Remove Boxes


The runtime of the code is indeed
O(n^4)
, and the bound is tight in the worst case. Consider the following test case of100
numbers in total:1, 2, 1, 2, ... 1, 2, 1, 2 (25 copies of 1, 2) followed by 1, 1, 1, ... 1, 1, 1 (25 copies of 1) followed by 2, 2, 2, ... 2, 2, 2 (25 copies of 2).
If you add a counter in the forloop of the DP call, you will get a total number like 1547375 for such a test case, which is way more than 100^3. If
n = 200
, the counter is24,866,625
vs 200^3 =8,000,000
, etc.However, if we ONLY loop through those boxes[i] that are equal to boxes[r], then the runtime can be proved to be
O(n^3)
.
This can be done via a preprocessing inO(n^3)
time as well.

I agree with @htrinh that the While loop should be modified accordingly. The While loop seems to be considering repetitions on the Left of the region instead of the right region.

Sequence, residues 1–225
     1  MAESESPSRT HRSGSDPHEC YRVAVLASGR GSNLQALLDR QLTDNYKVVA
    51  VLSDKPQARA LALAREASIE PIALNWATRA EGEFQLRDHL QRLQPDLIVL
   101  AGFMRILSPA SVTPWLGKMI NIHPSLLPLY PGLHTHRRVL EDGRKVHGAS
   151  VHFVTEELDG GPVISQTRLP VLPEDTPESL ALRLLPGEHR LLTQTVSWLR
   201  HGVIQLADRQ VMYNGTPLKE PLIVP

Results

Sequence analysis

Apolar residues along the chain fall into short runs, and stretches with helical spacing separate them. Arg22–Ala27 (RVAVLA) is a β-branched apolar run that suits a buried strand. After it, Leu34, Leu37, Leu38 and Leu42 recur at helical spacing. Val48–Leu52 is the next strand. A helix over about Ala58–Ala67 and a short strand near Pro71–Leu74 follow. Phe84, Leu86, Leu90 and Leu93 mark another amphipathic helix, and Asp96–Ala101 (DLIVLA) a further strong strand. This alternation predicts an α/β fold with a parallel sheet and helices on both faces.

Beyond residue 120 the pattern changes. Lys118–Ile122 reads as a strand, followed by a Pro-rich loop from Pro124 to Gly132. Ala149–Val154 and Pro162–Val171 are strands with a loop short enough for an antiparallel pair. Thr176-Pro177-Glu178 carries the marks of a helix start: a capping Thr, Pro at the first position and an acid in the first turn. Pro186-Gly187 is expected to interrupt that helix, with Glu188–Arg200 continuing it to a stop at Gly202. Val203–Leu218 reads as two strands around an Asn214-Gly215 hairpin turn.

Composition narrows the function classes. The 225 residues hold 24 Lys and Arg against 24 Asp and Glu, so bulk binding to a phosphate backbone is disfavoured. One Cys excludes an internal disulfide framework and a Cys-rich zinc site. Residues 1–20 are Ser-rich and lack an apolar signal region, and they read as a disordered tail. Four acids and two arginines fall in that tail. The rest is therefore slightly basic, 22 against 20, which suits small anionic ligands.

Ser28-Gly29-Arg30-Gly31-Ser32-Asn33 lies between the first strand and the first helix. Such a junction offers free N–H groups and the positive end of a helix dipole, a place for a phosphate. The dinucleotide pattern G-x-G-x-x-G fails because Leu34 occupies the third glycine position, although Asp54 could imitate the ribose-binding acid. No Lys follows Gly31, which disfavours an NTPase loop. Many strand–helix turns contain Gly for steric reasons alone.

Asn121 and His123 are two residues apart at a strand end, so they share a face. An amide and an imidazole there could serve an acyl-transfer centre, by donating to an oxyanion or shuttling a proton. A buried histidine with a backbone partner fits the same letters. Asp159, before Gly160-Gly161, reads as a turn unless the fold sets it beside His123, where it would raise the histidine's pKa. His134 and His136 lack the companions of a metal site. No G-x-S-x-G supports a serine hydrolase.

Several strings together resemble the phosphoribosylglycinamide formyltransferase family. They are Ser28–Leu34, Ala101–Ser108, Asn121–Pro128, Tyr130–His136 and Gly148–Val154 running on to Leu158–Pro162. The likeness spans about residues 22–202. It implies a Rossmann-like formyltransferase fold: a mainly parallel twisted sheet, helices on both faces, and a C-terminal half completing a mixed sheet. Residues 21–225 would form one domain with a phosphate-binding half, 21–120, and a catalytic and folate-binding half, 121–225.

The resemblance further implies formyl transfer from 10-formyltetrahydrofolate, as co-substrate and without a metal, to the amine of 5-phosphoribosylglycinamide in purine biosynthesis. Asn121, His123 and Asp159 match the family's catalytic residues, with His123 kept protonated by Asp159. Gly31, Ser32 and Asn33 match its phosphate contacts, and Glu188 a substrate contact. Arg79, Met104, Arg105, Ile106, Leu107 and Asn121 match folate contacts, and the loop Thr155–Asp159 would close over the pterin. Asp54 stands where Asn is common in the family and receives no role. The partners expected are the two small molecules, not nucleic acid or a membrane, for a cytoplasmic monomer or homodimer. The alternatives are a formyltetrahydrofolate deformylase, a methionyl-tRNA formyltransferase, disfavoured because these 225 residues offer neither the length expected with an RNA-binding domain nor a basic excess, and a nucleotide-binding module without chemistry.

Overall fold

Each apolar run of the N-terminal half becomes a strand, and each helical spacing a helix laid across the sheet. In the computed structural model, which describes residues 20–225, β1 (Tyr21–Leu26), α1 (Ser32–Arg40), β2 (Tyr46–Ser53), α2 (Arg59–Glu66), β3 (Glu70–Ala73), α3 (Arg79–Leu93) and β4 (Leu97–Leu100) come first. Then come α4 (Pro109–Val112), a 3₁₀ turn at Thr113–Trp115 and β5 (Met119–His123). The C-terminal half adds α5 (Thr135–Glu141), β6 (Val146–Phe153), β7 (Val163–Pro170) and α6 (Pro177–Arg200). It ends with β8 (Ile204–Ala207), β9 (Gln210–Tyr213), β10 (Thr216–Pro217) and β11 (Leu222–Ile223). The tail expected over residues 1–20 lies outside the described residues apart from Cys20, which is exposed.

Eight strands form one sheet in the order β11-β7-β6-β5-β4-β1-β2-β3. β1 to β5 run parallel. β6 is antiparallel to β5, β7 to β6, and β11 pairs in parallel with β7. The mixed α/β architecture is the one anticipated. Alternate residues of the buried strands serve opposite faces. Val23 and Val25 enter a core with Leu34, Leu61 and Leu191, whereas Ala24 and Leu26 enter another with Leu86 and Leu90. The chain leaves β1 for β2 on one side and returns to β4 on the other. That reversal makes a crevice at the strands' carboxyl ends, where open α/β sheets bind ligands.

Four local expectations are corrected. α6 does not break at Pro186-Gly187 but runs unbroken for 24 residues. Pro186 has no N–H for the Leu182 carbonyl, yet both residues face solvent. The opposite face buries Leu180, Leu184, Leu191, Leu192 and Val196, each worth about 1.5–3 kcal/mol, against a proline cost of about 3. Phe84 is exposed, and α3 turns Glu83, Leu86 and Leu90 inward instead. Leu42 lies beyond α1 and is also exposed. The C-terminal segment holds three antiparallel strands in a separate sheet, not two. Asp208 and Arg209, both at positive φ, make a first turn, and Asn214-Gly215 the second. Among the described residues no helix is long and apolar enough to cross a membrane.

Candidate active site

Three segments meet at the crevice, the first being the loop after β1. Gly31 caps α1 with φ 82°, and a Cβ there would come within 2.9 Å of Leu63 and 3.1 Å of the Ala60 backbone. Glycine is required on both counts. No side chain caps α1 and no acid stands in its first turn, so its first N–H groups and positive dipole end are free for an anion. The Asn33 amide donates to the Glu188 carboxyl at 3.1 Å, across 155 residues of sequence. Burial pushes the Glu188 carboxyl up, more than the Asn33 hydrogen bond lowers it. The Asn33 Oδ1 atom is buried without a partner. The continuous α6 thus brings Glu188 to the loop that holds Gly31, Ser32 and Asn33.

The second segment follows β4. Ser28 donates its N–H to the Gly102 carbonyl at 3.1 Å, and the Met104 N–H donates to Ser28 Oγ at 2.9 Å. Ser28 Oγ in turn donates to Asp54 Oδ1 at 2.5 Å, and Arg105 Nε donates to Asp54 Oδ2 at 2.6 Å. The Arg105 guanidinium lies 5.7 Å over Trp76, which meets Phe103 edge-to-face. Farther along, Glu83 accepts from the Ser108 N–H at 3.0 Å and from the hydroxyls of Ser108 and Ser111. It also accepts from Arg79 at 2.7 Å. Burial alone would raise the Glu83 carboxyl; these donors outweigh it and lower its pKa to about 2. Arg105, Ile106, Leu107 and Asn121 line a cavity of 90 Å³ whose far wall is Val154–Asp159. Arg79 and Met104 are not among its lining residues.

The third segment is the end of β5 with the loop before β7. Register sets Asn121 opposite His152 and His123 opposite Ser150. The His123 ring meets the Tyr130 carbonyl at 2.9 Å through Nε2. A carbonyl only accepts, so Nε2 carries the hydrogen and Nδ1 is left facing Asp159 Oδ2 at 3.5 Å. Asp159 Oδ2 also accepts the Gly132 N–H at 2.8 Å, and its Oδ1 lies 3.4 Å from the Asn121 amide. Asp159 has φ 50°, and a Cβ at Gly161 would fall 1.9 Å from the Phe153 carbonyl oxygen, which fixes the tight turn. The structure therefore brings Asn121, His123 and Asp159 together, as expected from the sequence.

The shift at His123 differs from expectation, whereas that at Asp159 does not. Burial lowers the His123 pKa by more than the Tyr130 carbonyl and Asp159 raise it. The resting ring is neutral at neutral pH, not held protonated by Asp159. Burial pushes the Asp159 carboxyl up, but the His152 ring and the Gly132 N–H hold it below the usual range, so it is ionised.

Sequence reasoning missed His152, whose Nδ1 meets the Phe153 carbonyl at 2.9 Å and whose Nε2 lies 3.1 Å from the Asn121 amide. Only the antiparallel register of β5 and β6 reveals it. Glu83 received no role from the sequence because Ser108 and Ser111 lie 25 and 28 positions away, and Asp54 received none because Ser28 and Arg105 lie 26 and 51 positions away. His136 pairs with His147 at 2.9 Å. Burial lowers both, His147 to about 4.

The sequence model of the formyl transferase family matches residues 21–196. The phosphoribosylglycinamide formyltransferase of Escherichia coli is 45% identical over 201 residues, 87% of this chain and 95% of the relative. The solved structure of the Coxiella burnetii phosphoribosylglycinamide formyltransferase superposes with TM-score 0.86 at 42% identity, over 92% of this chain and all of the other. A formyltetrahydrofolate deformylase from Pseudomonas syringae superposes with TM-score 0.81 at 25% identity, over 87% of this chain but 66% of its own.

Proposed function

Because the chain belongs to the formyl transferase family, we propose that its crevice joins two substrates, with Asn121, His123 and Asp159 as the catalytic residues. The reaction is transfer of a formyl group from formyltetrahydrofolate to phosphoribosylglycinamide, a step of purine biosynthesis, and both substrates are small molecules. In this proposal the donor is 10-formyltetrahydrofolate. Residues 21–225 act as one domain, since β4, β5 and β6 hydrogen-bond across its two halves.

As a side note, to consider the question with "how many repetitions there are to the LEFT of the region", the while loop is the same as in the code, but the transition part is to be changed to:
for (int i = r; i >= l+1; i) { if (boxes[i] == boxes[l]) { dp[l][r][k] = max(dp[l][r][k], calculatePoints(boxes, dp, i, r, k+1) + calculatePoints(boxes, dp, l+1, i1, 0)); } }


@lixx2100
I don't feel that O(n^3) time can be achieved.For input like 12121212121..... each [l,r] pairing can have every k <=(rl+1)/2 and for each of those subproblems they would still iterate over (rl+1)/2 or so i which match r.
Are you sure O(n^3) is possible?